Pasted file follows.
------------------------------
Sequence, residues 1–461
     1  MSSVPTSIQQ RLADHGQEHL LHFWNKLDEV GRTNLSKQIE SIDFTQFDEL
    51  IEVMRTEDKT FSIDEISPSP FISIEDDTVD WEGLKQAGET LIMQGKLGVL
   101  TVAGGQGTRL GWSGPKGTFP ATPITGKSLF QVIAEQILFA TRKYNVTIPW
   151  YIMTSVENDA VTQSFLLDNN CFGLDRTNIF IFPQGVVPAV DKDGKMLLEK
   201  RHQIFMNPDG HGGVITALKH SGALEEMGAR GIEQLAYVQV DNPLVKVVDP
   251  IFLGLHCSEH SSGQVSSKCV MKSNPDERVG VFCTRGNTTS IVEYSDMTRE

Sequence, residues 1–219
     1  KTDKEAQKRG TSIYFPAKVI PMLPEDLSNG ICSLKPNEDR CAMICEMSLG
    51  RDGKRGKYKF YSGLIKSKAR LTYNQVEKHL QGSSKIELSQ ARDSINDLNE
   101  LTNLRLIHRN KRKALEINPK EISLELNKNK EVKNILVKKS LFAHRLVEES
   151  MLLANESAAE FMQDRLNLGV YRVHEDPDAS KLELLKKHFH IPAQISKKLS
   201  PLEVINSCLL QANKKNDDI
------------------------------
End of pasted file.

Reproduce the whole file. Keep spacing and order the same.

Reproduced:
Sequence, residues 1–461
     1  MSSVPTSIQQ RLADHGQEHL LHFWNKLDEV GRTNLSKQIE SIDFTQFDEL
    51  IEVMRTEDKT FSIDEISPSP FISIEDDTVD WEGLKQAGET LIMQGKLGVL
   101  TVAGGQGTRL GWSGPKGTFP ATPITGKSLF QVIAEQILFA TRKYNVTIPW
   151  YIMTSVENDA VTQSFLLDNN CFGLDRTNIF IFPQGVVPAV DKDGKMLLEK
   201  RHQIFMNPDG HGGVITALKH SGALEEMGAR GIEQLAYVQV DNPLVKVVDP
   251  IFLGLHCSEH SSGQVSSKCV MKSNPDERVG VFCTRGNTTS IVEYSDMTRE

Sequence, residues 1–219
     1  KTDKEAQKRG TSIYFPAKVI PMLPEDLSNG ICSLKPNEDR CAMICEMSLG
    51  RDGKRGKYKF YSGLIKSKAR LTYNQVEKHL QGSSKIELSQ ARDSINDLNE
   101  LTNLRLIHRN KRKALEINPK EISLELNKNK EVKNILVKKS LFAHRLVEES
   151  MLLANESAAE FMQDRLNLGV YRVHEDPDAS KLELLKKHFH IPAQISKKLS
   201  PLEVINSCLL QANKKNDDI